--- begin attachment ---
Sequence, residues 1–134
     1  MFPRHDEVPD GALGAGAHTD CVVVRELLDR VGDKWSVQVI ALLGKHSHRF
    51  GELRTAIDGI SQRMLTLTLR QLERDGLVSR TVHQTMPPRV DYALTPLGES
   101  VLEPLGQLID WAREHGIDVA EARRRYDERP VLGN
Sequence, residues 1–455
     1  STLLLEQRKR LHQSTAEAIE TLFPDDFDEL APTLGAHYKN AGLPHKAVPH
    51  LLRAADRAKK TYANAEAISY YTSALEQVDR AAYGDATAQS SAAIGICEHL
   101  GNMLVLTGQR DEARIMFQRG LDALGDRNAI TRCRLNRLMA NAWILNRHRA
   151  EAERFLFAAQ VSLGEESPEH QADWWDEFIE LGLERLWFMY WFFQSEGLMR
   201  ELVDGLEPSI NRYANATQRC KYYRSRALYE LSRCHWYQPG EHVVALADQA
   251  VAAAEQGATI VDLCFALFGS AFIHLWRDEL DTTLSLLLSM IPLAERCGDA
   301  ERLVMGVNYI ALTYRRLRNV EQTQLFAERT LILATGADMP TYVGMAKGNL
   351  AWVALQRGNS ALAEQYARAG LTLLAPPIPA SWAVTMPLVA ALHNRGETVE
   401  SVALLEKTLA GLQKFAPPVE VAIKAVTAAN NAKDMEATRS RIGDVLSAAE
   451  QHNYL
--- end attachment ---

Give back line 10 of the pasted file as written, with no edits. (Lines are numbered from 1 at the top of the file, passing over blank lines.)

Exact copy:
   201  ELVDGLEPSI NRYANATQRC KYYRSRALYE LSRCHWYQPG EHVVALADQA